“You can be anything you want,” is a familiar phrase children hear from their parents, and my dad regularly said it to me. Of course, as a teenager, I had to try to prove him wrong. “I can’t be anything, Dad. I’m never going to be an Olympic figure skater!” Still, I never thought twice about whether I could be a software engineer. My father was a computer programmer and occasionally brought me to work with him. As somewhat of an introvert, I loved that he worked at a computer all day.
When it came time to pick a major in college, programming felt like the natural choice. It wasn’t easy though. At Santa Clara University, I was one of only a handful of women in my major, and computer programming didn’t come naturally to me. But I’m stubborn, so I kept at it.
Now in the professional arena, a variety of positions have allowed me to find new strengths and develop new skills — like how to work with a diverse team. The different backgrounds of team members provide me with new perspectives every day, making the workplace more fun. Diversity also better reflects your customer base. When you’re designing a product, you need to make sure you’re hitting the needs of your whole population of users, and having a diverse team increases the level of insights you can bring to the product. It will give a better idea of how different populations respond to what you are building and improve your communication with customers — both current and potential.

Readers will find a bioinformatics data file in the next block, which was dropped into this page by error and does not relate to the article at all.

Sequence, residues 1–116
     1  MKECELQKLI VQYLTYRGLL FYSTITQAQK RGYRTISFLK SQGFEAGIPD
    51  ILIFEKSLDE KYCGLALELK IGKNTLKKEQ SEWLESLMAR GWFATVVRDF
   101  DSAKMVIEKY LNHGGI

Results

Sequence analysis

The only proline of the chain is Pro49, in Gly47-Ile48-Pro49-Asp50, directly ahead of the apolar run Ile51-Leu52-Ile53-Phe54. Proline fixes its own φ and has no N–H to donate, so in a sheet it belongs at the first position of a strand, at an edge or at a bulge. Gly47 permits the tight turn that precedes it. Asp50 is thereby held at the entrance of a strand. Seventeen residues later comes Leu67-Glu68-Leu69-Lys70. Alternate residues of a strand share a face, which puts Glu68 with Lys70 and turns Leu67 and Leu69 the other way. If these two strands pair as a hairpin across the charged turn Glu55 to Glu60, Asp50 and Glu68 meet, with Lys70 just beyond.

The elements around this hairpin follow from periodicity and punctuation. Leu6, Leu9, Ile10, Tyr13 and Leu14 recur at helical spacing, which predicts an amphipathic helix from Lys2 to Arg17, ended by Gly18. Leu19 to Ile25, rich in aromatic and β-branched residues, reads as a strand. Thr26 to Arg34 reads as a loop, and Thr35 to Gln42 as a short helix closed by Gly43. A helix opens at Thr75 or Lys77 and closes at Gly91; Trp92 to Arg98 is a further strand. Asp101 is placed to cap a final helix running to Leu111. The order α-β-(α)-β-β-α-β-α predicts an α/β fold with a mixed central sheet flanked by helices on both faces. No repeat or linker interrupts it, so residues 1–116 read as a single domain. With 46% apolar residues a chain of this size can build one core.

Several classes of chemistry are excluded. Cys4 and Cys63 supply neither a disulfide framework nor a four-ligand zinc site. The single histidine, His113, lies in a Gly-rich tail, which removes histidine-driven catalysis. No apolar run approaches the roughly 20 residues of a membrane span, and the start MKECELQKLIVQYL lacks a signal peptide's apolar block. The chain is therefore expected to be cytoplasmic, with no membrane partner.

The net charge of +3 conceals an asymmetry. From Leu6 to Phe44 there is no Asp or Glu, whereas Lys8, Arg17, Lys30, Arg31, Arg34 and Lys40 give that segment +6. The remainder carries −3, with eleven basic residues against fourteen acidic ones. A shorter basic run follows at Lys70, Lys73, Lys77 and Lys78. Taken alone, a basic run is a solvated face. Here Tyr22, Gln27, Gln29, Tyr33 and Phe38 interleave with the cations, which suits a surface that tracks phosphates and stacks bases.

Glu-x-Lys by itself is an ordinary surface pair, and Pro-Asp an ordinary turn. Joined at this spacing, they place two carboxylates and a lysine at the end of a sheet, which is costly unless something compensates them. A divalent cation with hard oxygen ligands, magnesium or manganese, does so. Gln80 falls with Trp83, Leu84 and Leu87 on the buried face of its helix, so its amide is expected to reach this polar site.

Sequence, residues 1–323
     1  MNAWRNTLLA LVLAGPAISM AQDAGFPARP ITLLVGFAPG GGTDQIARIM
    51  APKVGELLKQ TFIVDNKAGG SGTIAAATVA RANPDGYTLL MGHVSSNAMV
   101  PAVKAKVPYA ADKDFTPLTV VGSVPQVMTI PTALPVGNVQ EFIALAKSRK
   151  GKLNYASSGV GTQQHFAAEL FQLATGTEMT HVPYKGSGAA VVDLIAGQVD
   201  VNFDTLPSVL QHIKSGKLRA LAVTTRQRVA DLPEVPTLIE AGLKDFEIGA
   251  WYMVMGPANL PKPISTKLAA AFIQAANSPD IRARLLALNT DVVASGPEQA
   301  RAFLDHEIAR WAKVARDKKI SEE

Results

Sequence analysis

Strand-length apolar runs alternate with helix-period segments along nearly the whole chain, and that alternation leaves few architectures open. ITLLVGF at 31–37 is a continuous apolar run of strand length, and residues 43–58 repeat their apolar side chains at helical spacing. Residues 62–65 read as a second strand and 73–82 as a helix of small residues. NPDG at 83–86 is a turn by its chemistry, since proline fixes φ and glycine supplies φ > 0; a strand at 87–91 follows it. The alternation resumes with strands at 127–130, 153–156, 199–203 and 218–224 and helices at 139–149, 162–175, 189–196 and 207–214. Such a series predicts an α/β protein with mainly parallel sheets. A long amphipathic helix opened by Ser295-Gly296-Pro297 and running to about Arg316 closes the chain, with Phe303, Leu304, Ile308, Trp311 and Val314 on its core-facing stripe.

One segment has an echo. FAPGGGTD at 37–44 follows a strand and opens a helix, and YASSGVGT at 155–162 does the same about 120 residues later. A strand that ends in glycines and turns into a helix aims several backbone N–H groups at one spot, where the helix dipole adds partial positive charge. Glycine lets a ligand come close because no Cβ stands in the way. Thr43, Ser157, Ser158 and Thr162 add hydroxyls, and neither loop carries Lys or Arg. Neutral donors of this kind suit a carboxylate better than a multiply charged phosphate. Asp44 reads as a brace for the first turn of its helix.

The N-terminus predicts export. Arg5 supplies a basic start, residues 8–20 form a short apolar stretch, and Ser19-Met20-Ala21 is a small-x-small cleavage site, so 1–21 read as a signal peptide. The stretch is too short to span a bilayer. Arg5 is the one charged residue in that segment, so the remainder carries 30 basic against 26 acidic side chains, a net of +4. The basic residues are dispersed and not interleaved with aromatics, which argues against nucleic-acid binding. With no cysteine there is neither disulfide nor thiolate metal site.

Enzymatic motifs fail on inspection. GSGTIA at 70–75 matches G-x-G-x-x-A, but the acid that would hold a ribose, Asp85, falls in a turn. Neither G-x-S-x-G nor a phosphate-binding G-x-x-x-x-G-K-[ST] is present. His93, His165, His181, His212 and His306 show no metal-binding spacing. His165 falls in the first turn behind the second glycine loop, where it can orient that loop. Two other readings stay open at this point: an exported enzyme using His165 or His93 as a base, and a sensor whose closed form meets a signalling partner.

Find Your Way
Being a woman in a male-dominated field can be lonely. It can be difficult to find people with whom you share common ground, which is often the path to closer working relationships. This can become more acute once you have children; your priorities change, and so does your work social life. I’ve been lucky. I made good friends — both male and female — early in my career and that has made learning, forming friendships, and enjoying my work a lot easier.
Having a mentor is probably the single most important thing you can do to help find your way in an organization. Your mentor doesn’t have to be another woman or a supervisor — just someone you feel comfortable with. Mentors not only listen and offer advice, they also encourage you to take steps in your career that you might feel unsure of. One of my early mentors planted a seed for moving toward my current position by simply asking if I had thought about a broader managerial role. He didn’t have a job to offer me at the time, but it did help me to expand my own idea of my place in the organization.